Selection of a particular coordinate system is performed simply by setting a value for the SkyFrame’s (character string) System attribute. This setting is most conveniently done when the SkyFrame is created. For example, a SkyFrame representing the old FK4 (B1950.0) coordinate system would be created by:

skyframe = astSkyFrame( "System=FK4" );

Note that specifying “System =FK4” also changes the associated equinox (from J2000.0 to B1950.0). This is because the default value of the SkyFrame’s Equinox attribute (§8.4) depends on the System attribute setting.

You may change the System value at any time, although this is not usually needed. The values supported are set out in the attribute’s description in Appendix C and include a variety of equatorial coordinate systems, together with ecliptic and galactic coordinates.

General spherical coordinates are supported by specifying “System =unknown”. You should note, though, that no Mapping can be created to convert between “unknown” coordinates and any of the other celestial coordinate systems (see §12 ).

8.4 Attributes which Qualify Celestial Coordinate Systems

Many celestial coordinate systems have some additional free parameters which serve to identify a particular coordinate system from amongst a broader class of related coordinate systems. For example, the FK5 (J2010.0) system is distinguished from the FK5 (J2000.0) system by a different equinox—and the coordinates of a fixed astronomical source would have different values when expressed in these two systems.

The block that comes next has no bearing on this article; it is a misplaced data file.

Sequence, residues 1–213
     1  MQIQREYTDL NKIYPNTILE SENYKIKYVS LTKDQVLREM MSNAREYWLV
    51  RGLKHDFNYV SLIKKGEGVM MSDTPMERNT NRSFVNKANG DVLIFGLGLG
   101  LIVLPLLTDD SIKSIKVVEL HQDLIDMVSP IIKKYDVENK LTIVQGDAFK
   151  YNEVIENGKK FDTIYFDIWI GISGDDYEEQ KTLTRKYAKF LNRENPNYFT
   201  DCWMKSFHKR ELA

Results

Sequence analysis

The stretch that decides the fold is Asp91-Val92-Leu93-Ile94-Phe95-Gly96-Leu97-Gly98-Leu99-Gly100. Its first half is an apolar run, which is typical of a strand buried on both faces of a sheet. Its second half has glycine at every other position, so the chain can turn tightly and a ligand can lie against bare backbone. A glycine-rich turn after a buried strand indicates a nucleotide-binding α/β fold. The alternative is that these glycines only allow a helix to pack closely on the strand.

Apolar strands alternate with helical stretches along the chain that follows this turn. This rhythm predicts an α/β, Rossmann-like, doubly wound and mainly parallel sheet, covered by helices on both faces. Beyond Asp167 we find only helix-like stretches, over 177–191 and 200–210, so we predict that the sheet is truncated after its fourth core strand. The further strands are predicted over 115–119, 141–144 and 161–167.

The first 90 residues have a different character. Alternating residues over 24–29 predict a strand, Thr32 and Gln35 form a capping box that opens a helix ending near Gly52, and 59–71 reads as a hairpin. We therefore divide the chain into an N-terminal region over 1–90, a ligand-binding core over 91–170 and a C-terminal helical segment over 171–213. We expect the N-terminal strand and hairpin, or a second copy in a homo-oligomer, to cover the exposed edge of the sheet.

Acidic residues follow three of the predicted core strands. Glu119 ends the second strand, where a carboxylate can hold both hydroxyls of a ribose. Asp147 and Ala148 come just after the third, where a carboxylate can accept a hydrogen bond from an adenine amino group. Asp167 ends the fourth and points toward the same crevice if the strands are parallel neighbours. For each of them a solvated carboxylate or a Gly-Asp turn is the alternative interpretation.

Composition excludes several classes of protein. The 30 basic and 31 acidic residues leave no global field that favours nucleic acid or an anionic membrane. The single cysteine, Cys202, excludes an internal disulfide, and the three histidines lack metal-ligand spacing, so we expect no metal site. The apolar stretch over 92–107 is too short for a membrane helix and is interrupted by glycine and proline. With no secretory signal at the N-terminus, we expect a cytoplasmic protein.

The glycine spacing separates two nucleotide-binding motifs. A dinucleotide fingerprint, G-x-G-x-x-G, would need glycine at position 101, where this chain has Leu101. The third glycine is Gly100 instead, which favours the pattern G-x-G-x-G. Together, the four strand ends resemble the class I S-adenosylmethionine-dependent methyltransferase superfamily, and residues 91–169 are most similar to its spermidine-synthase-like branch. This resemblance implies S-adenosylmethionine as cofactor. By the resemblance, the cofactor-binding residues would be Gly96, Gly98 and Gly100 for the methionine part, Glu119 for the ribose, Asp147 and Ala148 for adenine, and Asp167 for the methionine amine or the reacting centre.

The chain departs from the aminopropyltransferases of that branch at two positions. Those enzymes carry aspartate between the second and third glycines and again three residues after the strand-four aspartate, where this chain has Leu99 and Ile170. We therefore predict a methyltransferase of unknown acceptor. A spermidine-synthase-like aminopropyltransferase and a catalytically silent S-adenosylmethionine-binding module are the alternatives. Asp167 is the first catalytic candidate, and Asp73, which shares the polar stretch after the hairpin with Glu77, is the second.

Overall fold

In AST, these free parameters are represented by additional SkyFrame attributes, each of which has a default appropriate to (i.e. defined by) the setting of the main System attribute. Each of these qualifying attributes may, however, be assigned an explicit value so as to select a particular coordinate system. Note, it is usually best to assign explicit values whenever possible rather than relying on defaults. Attribute should only be left at their default value if you “don’t care” what value is used. In certain circumstances (particularly, when aligning two Frames), a default value for an attribute may be replaced by the value from another similar Frame. Such value replacement can be prevented by assigning an explicit value to the attribute, rather than simply relying on the default.

The main SkyFrame attributes which qualify the System attribute are:

Epoch

This attribute is inherited from the Frame class. It gives the moment in time when the coordinates are correct for the astronomical source under study (usually the date of observation).
Equinox